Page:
When a test should not be expected to take more than a certain amount of time, and you do not want code stuck in an infinite wait to break your builds, you can add a timeout to your test. This is especially useful for testing concurrent code.
Tests methods or classes can be marked as ignored to stop them breaking a build or distracting you during development. This is a useful feature, but beware of what happened to Jan!
JUnit finds your test classes, runs your test code and hooks in any set up and tidy up you need. This lecture uncovers all the main lifecycle events and what they are best used for.
We heard about Before and After in the lifecycle lecture. Here is a quick demo. It shows how to pull per-test set-up into a method, using the instance members of the class to track it, and even performing post-test assertions.
Rules are another way to hook behaviour into your JUnit tests. The Expected Exception rule is a cleaner way of testing exceptions.
Once I discovered this part of JUnit, it changed my tests forever! The TemporaryFolder rule is a must-have for managing files during testing. The example from the Before and After lecture is refactored again to use it.
There are two key extension points for JUnit's lifecycle. Test runners and test rules. This lecture explores the purpose of each and why both are needed.
There is a list of custom runners at https://github.com/junit-team/junit4/wiki/Custom-runners
Make your assertions read more easily from left to right by using assertThat and hamcrest matchers.
AssertJ is an open source assertions library which is well worth looking at. It can be found at http://joel-costigliola.github.io/assertj/
This lecture shows how AssertJ makes asserting even easier.
Some tests are repetitive and would benefit from a more data driven approach. This lecture explores the rationale of parameterized tests.
Refactoring the original leap year example to have a single test method and an input table of test data using the built in JUnit Parameterized runner.
A deeper look at how the Parameterized runner executed our tests.
Refactoring the leap year example to use the JUnitParams runner where each test method can have its own input parameters.
Further information on JUnitParams, where to find it, and where to get more examples. Especially here - https://github.com/Pragmatists/JUnitParams
A last look at the benefits of parameterized tests and how to incorporate them into a TDD process.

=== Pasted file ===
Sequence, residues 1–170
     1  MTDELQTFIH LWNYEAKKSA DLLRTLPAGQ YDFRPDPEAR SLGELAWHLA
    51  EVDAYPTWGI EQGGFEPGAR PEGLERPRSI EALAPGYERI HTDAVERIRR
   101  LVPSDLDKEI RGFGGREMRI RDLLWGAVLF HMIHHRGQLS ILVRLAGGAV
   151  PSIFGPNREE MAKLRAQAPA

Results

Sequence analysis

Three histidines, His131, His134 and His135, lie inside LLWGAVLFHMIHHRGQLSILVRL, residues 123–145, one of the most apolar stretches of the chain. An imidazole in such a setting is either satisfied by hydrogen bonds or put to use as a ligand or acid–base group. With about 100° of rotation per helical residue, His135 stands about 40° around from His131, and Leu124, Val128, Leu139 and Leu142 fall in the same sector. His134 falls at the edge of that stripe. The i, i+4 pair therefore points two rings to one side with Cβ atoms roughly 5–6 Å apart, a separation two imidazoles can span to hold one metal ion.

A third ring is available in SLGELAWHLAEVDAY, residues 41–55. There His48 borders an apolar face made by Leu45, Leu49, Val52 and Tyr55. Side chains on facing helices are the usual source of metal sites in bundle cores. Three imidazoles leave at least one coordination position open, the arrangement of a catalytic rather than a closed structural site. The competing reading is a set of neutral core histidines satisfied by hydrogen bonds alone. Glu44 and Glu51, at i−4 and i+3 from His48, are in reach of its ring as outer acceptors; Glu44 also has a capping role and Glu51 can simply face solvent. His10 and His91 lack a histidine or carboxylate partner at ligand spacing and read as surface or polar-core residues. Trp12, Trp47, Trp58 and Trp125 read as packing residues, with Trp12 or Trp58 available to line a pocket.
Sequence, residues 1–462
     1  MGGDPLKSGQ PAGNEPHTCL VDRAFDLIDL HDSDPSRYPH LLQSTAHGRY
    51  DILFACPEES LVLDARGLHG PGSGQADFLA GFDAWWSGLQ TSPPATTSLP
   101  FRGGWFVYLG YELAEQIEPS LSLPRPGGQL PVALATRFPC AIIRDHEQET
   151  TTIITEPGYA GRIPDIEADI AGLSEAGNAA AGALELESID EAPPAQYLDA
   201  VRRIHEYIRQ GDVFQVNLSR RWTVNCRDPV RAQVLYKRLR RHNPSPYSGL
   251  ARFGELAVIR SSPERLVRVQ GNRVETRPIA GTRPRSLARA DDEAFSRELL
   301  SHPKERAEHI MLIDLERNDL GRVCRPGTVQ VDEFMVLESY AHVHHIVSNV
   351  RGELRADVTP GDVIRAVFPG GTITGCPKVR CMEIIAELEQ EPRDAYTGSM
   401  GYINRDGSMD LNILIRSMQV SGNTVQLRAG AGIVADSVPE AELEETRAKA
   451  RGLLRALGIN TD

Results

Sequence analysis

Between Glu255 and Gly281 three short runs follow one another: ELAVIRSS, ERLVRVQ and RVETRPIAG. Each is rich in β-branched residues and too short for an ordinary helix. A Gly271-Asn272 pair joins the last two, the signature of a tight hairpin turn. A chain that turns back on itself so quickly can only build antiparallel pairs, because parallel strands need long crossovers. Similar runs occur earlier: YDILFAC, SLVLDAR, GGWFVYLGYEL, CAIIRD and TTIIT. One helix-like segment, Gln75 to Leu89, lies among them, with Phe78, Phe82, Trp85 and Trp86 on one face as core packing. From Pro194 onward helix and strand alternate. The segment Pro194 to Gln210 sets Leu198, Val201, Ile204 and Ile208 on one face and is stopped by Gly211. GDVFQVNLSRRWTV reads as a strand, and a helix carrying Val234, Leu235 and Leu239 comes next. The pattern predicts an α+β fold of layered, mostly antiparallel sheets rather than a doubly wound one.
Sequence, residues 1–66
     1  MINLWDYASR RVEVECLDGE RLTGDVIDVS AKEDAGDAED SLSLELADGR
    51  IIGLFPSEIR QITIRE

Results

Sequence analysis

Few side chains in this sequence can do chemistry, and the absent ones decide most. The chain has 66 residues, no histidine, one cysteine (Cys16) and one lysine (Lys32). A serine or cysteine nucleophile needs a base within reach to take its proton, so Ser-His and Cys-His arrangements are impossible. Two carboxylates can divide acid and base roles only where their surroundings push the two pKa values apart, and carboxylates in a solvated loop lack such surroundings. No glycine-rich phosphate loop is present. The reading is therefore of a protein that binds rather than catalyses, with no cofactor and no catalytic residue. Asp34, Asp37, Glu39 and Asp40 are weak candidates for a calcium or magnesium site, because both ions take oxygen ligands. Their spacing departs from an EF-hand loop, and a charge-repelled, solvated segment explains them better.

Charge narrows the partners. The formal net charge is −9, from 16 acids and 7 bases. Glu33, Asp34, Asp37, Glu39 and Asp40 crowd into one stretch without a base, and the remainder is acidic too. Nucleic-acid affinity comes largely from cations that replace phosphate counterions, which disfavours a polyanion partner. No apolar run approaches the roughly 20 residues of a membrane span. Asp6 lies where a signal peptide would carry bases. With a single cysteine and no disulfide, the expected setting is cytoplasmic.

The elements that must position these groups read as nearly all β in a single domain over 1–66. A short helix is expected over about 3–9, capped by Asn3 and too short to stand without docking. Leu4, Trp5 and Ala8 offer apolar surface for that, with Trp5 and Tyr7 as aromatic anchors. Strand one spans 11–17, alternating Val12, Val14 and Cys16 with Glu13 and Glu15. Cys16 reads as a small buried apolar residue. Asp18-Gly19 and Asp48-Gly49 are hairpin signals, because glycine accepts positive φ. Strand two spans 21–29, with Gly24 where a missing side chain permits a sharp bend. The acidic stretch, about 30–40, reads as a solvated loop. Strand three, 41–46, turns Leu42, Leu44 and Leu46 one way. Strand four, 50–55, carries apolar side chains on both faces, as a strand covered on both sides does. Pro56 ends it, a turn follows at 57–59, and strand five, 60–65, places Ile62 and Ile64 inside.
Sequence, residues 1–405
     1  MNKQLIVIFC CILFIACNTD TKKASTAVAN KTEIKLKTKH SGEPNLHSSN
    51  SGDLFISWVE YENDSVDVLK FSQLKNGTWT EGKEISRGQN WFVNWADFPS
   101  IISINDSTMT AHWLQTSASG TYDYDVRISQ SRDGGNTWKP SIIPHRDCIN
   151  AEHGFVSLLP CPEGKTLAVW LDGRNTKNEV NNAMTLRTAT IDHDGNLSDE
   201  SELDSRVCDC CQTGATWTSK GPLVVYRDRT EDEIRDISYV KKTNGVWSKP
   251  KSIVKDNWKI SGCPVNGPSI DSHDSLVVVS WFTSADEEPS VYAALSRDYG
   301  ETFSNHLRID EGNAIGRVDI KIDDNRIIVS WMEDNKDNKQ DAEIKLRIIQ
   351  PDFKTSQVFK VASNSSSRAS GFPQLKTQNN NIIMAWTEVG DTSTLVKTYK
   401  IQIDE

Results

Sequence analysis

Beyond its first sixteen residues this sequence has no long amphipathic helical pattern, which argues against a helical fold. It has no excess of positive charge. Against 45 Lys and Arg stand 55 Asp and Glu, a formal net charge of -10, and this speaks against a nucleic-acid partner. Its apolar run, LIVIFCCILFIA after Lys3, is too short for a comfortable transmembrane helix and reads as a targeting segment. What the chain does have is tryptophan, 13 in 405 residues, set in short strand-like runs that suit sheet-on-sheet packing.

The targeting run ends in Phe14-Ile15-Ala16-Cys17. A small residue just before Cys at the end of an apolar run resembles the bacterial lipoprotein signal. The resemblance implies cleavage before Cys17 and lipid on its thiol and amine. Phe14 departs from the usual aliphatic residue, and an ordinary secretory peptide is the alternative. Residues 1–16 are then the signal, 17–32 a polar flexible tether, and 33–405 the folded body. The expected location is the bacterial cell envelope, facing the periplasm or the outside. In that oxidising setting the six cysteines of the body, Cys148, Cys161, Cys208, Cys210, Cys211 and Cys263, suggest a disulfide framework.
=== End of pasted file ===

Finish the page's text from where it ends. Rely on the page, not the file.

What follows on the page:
Mockito in more Depth
Introduction to the Mockito in More Depth section including some basics on ArgumentMatchers.
How to make a mock return different things either when the inputs vary, or on subsequent calls.
Verifying the number of calls, handling concurrent tests, argument captors and how to avoid them.
To test try/catch code paths you often need to make your mocks simulate exceptions being thrown.
Rather than provide an explicit mapping of response to input, Mockito Answers let you hook the behaviour of your mock to something more dynamic.
A worked example of a Mockito Spy.
The BDD Mockito variation of syntax is cleaner. Here's a transformation from classic to BDD Mockito syntax.
Sometime the when/then or given/will syntax is not able to mock for a certain scenario. There is another way.
With Java 8 functional interfaces, perhaps we don't need Mockito at all.
Testing Spring with SpringJUnitRunner
This shows a spring context being built up from nothing, along with tests that support it, and test the functionality of the beans within it. There is practical advice on how to manage this more complicated development and test scenario.
This unpacks the things that go into a Spring test, including maven dependencies and the correct annotations for the test class.
Growing a web application through tests is relatively easy to do, especially if you do it in small steps. In this example, we take the skeleton of a Rest API and by adding small increments to it, make it work.
This is a long walk-through, showing technology and process, with mishaps along the way illustrating how to troubleshoot when problems occur.
Other JUnit Runners
As a contributor to this open source project, perhaps it's down to me to show you how to use it.
See https://github.com/greghaskins/spectrum for more information on the tool.
This lecture just scratches the surface, but shows a completely different approach to testing, which is hopefully thought provoking.
Some final thoughts
With the lectures done, it's over to you to put this knowledge into practice. Here are some final bits of guidance.